Lina Khan is the new chair of the US Federal Trade Commission

Lina Khan is the 32-year old chair of the US Federal Trade Commission

Khan

At just 32, Lina Khan has become the new chair of America’s Federal Trade Commission (FTC). On Tuesday, Khan was confirmed and sworn in as an FTC commissioner on a bipartisan vote of 69 to 28. 

President Joe Biden selected the antitrust researcher to fulfil the role, a decision that follows the selection of fellow progressive and big tech critic, Tim Wu to join the National Economic Council.

Khan has spent her career focusing on big tech’s immense growing corporate power and the appointment is seen as a key win for progressives who have pushed for tougher laws to tackle giant monopolies. 

Khan is admired by progressive anti-trust thinkers and anti-trust campaigners who have pushed for tougher anti-trust laws and enforcement of existing laws.

Khan was on the staff of the House judiciary committee’s anti-trust panel, and helped write a report that condemned Amazon, Apple Facebook and Alphabet for abusing their power.

She has previously worked at the FTC as a legal adviser to Commissioner Rohit Chopra, who is President Biden’s nominee to be director of the Consumer Financial Protection Bureau.

Khan was born in the UK to Pakistani parents and moved to the U.S just before high school. She studied law at Yale and currently teaches at Columbia Law School. In 2019, she was named as one of TIME’s Next Generation Leaders.

In her new role, often seen as the most powerful consumer protection job in the country, Khan will work on protecting consumers from bad business practices and companies from unfair competition.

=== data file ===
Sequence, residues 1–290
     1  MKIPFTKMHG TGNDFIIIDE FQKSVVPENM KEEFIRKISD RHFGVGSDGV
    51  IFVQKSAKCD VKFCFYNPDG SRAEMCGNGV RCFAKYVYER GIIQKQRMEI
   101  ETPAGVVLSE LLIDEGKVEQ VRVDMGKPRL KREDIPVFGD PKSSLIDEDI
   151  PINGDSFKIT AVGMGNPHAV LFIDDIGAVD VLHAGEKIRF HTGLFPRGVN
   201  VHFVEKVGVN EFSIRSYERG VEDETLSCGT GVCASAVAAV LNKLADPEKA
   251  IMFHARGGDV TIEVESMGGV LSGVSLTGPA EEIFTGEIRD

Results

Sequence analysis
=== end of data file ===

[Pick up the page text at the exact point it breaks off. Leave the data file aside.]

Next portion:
The appointment comes as the federal government and states have issued lawsuits and investigations into various tech giants. 

Back in December last year, the FTC sued Facebook for “illegally maintaining its personal social networking monopoly through a years-long course of anticompetitive conduct” and is continuing to investigate Amazon after it payed more than $61.7 million to settle charges that it had failed to pay Amazon Flex drivers the full amount of tips they received. 

Elizabeth Warren described Khan’s appointment in a tweet as “tremendous news”. In her 2020 presidential campaign, Warren supported breaking up big tech. 

In a separate statement, she wrote, “…with chair Khan at the helm, we have a huge opportunity to make big, structural change by reviving antitrust enforcement and fighting monopolies that threaten our economy, our society, and our democracy.” 

In January, Khan told the BBC she was drawn to competition law as a policy researcher after graduating from Yale. 

“What became clear is there had been a systemic trend across the US… markets had come to be controlled by a very small number of companies,” she said.

Shortly after, Khan began to shift her focus to competition and the perceived lack of it in Silicon Valley.

She believed that just a handful of large U.S tech firms dominated the sector at the expense of competition and that current laws were not fit for the challenges of today.

“These firms essentially provide infrastructure to the digital age,” she told the BBC. “A small group of private executives are setting the rules of who gets to use the infrastructure and on what terms.” 

In 2017, Khan wrote a widely circulated paper called “Amazon’s Antitrust Paradox” for the Yale Law Journal, where she argued that the traditional anti-trust focus on price was not enough to identify potential harms done by Amazon.

“Even when services are good for consumers, they can hurt a whole set of other interests – be it workers, be it business formation, be it democracy at large.” 

Khan’s appointment is the clearest sign yet that President Biden has every intention of stamping down on big companies like Amazon and Apple.

Conservative groups, such as the advocacy group the Internet Accountability Project (IAP), have come out to support Khan’s appointment, saying the vote was a “testament to the sea change in opinion on the right for antitrust modernisation and enforcement”.

“Big tech brought this on themselves with their abusive, censorial and anticompetitive behaviour,” the group expressed. “The era of unchecked big tech monopoly power is over.”

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